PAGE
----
Tolerances are in effect in a number of countries around the
    world. The tolerances are expressed and residues calculated as parent
    compound, as zineb, or as the CS2 moiety.

    b) ETU

         No national tolerances have been established.


         Mancozeb was considered by the 1967 and 1970 Joint Meetings. At
    the 1970 Meeting further data on the biotransformation of the compound
    in plants and animals was requested.

         Several new studies have been carried out which clarify to a
    large extent the metabolic pathway of mancozeb. It has been shown that
    the breakdown of the compound in plants and animals is qualitatively
    similar, and proceeds through a series of intermediates; the
    structures of most of them have been clarified. Several other
    ethylenebisdithiocarbamates (EBDCs) in common use show a similar
    breakdown pattern on plants, leading to several identical

         Information was obtained on the variation in the content of ETU
    in technical mancozeb from several different manufacturers and in
    various formulated products.

         It has been shown that cooking of commodities of plant origin
    containing mancozeb residues produce ETU to an extent corresponding to
    about 25% of the weight of the original residue. Other EBDC compounds
    gave similar results.

         Additional data on the residues of mancozeb and ETU arising from
    treatments according to good agricultural practice were obtained and
    compared with those on zineb and maneb.

         Several new sensitive methods are now available for the
    determination of ethylenethiourea (ETU), the residue intermediate
    which gives most concern. Some of these methods, which allow the
    determination of ETU in plants and in products of animal origin at
    levels of about 0.005 - 0.01 mg/kg, are suitable for regulatory
    purposes. On the other hand, it is recognised that no specific methods
    for determining mancozeb or for distinguishing its residues from those
    of other EBDC compounds are available, and that development of such
    methods in the near future is unlikely. It may therefore be of value,
    in order to detect exaggerated uses of these compounds, to establish
    maximum residue limits on the combined basis of either the
    ethylenediamine or the CS2 moiety of the EBDC molecule, and the ETU
    content. For regulatory purposes the determination of CS2 is more
    convenient but suffers from the disadvantage of not distinguishing
    EBDC residues from those of dimethyldithiocarbamates or thiram, and
    toxicological considerations may make these distinctions important.
    The ethylenediamine method of analysis is more time consuming
    determination but more sensitive and not subject to interference by
    the dimethyldithiocarbamates or thiram. The Meeting therefore
    recommends (1) that residue limits should be based on the
    determination of the ethylenediamine moiety; (2) that the specified
    limit should be for ethylenediamine; (3) that limits for ETU should
    also be observed. Specific limits for ethylenediamine and ETU are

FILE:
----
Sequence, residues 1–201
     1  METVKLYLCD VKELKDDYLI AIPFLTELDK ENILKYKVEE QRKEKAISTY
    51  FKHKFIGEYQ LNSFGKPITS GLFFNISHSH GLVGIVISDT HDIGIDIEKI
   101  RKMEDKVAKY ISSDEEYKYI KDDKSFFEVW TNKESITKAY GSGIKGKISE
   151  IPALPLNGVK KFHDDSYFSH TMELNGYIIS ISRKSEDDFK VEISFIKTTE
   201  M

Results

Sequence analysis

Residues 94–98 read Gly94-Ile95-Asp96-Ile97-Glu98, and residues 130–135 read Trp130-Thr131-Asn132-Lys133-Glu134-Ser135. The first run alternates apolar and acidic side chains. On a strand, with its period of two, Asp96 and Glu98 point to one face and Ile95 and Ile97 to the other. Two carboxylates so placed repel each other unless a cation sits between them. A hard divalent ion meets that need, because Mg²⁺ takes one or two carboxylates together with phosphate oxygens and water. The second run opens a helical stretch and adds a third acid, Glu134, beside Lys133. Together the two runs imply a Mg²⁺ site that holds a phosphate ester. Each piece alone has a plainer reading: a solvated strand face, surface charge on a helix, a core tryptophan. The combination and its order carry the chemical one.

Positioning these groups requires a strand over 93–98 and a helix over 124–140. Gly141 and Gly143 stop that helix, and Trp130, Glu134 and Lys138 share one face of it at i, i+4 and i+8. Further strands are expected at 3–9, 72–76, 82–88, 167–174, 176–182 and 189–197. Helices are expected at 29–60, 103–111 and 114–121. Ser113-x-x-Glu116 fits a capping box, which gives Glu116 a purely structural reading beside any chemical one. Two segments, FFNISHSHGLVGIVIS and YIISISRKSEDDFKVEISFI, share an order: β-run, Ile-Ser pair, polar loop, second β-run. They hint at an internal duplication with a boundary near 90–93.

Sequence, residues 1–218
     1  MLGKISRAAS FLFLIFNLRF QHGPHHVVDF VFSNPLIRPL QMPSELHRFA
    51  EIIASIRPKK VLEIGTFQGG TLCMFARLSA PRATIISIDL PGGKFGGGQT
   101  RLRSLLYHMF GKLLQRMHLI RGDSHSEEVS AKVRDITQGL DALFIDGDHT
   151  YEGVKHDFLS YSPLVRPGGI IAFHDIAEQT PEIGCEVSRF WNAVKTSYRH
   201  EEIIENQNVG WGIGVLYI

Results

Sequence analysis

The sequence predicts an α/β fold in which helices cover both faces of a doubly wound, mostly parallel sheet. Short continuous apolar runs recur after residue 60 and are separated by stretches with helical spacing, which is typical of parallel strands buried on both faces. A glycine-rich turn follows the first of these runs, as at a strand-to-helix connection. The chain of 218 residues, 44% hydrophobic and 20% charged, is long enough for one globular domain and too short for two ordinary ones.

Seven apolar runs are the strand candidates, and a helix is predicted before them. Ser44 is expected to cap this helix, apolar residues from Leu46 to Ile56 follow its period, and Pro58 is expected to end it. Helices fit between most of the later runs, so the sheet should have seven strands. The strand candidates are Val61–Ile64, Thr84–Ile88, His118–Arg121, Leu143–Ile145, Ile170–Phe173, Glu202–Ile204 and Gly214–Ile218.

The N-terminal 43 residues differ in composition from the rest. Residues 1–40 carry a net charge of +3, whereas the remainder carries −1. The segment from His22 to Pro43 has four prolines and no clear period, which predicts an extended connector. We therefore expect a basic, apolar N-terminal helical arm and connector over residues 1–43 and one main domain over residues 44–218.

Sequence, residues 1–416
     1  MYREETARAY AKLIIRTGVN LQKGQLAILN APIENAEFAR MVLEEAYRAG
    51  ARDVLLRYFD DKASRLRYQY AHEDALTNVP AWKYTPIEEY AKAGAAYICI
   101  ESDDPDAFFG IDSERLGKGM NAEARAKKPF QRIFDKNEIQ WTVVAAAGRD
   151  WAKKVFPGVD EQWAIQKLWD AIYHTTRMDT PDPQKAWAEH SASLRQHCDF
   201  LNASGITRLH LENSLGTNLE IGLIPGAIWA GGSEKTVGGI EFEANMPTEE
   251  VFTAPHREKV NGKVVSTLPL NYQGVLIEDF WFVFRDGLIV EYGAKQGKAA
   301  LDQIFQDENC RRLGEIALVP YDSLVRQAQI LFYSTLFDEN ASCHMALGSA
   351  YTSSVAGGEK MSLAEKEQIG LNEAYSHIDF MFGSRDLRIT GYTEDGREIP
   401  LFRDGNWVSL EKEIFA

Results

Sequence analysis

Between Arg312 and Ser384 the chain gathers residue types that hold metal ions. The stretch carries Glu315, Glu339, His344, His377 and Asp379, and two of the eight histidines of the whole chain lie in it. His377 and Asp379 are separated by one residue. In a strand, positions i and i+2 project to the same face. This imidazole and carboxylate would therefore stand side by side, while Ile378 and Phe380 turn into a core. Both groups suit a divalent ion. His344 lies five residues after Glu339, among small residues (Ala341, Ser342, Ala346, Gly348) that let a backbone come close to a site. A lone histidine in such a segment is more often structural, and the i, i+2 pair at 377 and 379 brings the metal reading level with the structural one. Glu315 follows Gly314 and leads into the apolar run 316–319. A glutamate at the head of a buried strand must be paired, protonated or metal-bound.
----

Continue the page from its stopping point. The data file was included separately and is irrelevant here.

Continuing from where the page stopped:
The following temporary tolerances for ethylenediamine and ETU
    replace the single recommendation for "parent compound or sum of all
    dithiocarbamates present" in potatoes, made in 1970. Neither limit
    should be exceeded in any sample.



                                                        intervals on which
                        ethylenediamine     ETU         recommendations
                           mg/kg            mg/kg       are based (days)

    Potatoes                0.05            0.01*              14

    Apples, pears           2               0.02               14

    Banana pulp             0.05            0.01*               0

    Celery                  2               0.01*              14

    Lettuce                 2               0.01*              21

    Tomatoes                1               0.05                7

    Carrots                 0.2             0.01*              14

    Maize: sweetcorn
    cob and kernel
    (husks removed)         0.2             0.01*               7

    Beans (with pod)        3               0.1                 7 - 10

    *  at or about the limit of determination.



    1.   Residue studies in which both the ethylenediamine moiety and
    ethylenethiourea (ETU) are separately determined.

    2.   Further studies on the fate of residues during the preparation
    and processing of foods with Particular reference to their conversion
    to ETU.


    Benson, W.R., Rose, R.D., Chen, J.-Y.T., Barron, R.P. and Mastbrook,
    D. (1972) Structure of ethylene thiurem monosulfide. J. Ass. Off.
    Analyt. Chem., 55(1):44-46.

    Blazques, C.H., (1973) Residue determination of ethylene thiourea
    (2-imidazolidinethione) from tomato foliage, soil, and water. J. Agr.
    Food. Chem., 21(3):330-332.

    Bontoyan, W.R. and Looker, J.B. (1973a) Degradation of commercial
    ethylene bisdithiocarbamate formulations to ethylenethiourea under
    elevated temperature and humidity. J. Agr. Food Chem., 21(3):338-341.

    Bontoyan, W.R., Looker, J.B. (1973b) Report to the 1973 AOAC Meeting. 
    Washington, D.C.

    Cruickshank, P.A. and Jarrow, H.C. (1973) Ethylenethiourea
    degradation. J. Agr. Food Chem., 21(3):333-335.

    Czeglédi-Jankó, G. (1967) Determination of the degradation products of
    ethylenebis-dithiocarbamates by thin layer chromatography and some
    investigations of their decomposition in vitro. J. Chromat., 31:89-95.

    Dekhuijzen, H.M., Vonk, J.W. and Sijpesteijn, A. Kaars. (1971)
    Terminal residues of dithiocarbamate fungicides. Pesticide Terminal
    Residues Butterworth, London (Suppl. Pure Appl. Chem.) p. 233-242.

    Engst, R. and Schnaak, W. (1967) Untersuchungen zum Metabolismus der
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    See Also:
       Toxicological Abbreviations
       Mancozeb (ICSC)
       Mancozeb (FAO/PL:1967/M/11/1)
       Mancozeb (AGP:1970/M/12/1)
       Mancozeb (Pesticide residues in food: 1993 evaluations Part II Toxicology)